No breeze.  No singing birds.  No rustling leaves or waves lapping against the shore.  A stillness and grayness settled over the Garden.  I looked at you–you were standing very still.  Your eyes were wide in fear and tears began to trickle down your cheeks.  I tried to hold you but you pushed me away.  For the first time, I became furious with you.  I felt a desire to strike you for rejecting me, which frightened me in its urgency.  You saw my clenched fists and stepped away from me, a look of shock and sadness on your face that I could hurt you.  I watched as the sadness turned to a hardening in your features that changed your face before my eyes.  Never had I thought you anything but exquisitely beautiful, but suddenly, there was an ugliness in you that appalled me.  I felt so ashamed that I yelled at you.

“What have you done?!”  I cried.  Your head drooped. “Woman! God told us NEVER to eat from this tree.  How could you do this to me?”

“To you?!  Is that all you care about Adam?”

“How could you be so stupid?” I whispered, shaking my head in disappointment.

“I am sorry!  He said it would make us like Father, that we could live forever like Him.  I thought that…”

“He LIED to you, Eve!”

Your eyes narrowed. “Yet you ate of the fruit, Adam.”

An uneasiness grew in my belly and I fell to my knees.  My head swam and I dug my hands into the ground to steady myself.

You started silently crying, and slowly, lock by chestnut lock, pulling your long hair in front to conceal your breasts.  You wrapped your arms around yourself and walked backward into a bush.  You began yanking vines from the bush and tying them around your waist.

“What are you doing?” I asked looking up at you.  You wiped your nose.

“I do not want you to see me.” You sniffed, your voice coming in broken sobs. “It was not my fault, it wasn’t, it wasn’t….oh! What have I done?!” You cried, burying your face in your hands.  I stood and went to you and tried to brush aside your hair, the hair that tickled my nose every night as I held you, the soft hair that I combed through with my fingers every morning.  You recoiled from me and slapped my hand aside.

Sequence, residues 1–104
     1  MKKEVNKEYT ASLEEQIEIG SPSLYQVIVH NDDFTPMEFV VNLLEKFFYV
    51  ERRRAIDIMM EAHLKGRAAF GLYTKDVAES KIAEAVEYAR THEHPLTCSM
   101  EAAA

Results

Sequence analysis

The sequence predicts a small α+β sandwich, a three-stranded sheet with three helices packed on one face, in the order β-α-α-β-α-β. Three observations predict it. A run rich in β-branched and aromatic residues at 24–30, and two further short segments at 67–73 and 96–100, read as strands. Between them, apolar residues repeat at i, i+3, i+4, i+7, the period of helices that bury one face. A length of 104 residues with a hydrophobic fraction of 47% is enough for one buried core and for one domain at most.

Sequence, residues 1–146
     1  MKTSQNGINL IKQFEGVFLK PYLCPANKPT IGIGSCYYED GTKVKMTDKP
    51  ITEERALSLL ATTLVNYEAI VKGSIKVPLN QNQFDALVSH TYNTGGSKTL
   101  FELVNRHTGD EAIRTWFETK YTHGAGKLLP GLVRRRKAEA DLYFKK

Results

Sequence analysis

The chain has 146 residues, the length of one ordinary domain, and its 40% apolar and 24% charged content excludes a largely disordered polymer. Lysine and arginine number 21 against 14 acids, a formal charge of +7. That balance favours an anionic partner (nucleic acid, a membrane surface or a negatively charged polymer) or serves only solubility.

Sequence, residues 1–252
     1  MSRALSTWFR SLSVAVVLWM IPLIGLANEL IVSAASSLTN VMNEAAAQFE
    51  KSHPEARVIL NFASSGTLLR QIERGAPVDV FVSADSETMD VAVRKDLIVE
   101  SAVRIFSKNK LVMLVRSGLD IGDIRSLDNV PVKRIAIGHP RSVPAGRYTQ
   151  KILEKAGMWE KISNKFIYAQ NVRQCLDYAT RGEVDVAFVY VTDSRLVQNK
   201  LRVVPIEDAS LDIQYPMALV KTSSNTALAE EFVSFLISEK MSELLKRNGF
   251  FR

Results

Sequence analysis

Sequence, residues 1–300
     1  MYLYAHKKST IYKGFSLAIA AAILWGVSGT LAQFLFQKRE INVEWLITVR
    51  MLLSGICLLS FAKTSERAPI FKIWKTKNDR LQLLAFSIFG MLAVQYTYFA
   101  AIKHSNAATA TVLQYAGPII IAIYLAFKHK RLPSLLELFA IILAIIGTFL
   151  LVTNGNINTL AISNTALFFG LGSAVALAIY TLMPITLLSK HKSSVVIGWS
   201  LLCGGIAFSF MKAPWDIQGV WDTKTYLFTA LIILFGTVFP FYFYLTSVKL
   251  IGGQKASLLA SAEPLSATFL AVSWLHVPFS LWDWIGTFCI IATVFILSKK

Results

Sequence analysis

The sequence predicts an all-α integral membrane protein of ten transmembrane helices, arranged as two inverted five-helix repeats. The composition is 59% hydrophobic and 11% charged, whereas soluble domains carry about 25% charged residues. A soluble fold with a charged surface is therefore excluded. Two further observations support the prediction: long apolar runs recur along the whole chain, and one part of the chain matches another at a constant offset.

“Do not touch me!  Don’t pretend that you care.  After all, this is my doing right?  I did this to you!” Your face contorted in rage and I felt exposed, wounded standing there naked before you.  I started pulling vines too, wrapping them about my waist silently.  You glanced up at me and then something caught your attention behind me.  You screamed.  I turned around.

On a plain in the distance a pack of jackals was attacking a zebra.  It was slowly falling to the ground, blood pouring from at least a dozen bite wounds.  Its whinnies grew fainter each second, and finally it collapsed on its side and the jackals descended. They tore pieces of flesh and crouched to eat the fresh meat.  Several of them fought over the morsels or pushed through the pack to get to the carcass.

“Oh no,” You moaned behind me. “Nonononono.”

A doe and her fawn ran between the trees just feet from you.  The fawn stopped to nibble on grass and you rose to go to it.  The second it saw you, it darted away in fright and followed its mother who was still bounding through the trees.

“This cannot be,” I whispered.  Then there was a boom, and another and another.  The wind blew cold and strong and the clouds rolled violently above us.  Although the sky was darkening, His light shone brightly from the far end of the Garden.  It grew brighter as He approached us.  I grasped your arm.

“Hide quickly.  He’s coming.”